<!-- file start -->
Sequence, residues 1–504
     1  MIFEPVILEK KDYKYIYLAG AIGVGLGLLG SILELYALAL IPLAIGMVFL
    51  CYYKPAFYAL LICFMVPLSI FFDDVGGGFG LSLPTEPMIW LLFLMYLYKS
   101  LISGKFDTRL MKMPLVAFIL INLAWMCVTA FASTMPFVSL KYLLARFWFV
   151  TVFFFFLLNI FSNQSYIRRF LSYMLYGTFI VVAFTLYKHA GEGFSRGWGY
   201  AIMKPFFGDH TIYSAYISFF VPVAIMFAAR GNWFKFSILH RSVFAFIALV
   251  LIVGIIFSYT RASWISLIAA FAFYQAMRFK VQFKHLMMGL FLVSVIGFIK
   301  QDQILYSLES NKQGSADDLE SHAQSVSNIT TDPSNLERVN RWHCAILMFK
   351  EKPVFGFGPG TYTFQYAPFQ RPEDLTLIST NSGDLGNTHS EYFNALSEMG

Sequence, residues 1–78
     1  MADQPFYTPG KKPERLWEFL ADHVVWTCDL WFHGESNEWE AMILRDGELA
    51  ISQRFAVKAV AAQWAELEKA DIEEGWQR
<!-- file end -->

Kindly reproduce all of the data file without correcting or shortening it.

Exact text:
Sequence, residues 1–504
     1  MIFEPVILEK KDYKYIYLAG AIGVGLGLLG SILELYALAL IPLAIGMVFL
    51  CYYKPAFYAL LICFMVPLSI FFDDVGGGFG LSLPTEPMIW LLFLMYLYKS
   101  LISGKFDTRL MKMPLVAFIL INLAWMCVTA FASTMPFVSL KYLLARFWFV
   151  TVFFFFLLNI FSNQSYIRRF LSYMLYGTFI VVAFTLYKHA GEGFSRGWGY
   201  AIMKPFFGDH TIYSAYISFF VPVAIMFAAR GNWFKFSILH RSVFAFIALV
   251  LIVGIIFSYT RASWISLIAA FAFYQAMRFK VQFKHLMMGL FLVSVIGFIK
   301  QDQILYSLES NKQGSADDLE SHAQSVSNIT TDPSNLERVN RWHCAILMFK
   351  EKPVFGFGPG TYTFQYAPFQ RPEDLTLIST NSGDLGNTHS EYFNALSEMG

Sequence, residues 1–78
     1  MADQPFYTPG KKPERLWEFL ADHVVWTCDL WFHGESNEWE AMILRDGELA
    51  ISQRFAVKAV AAQWAELEKA DIEEGWQR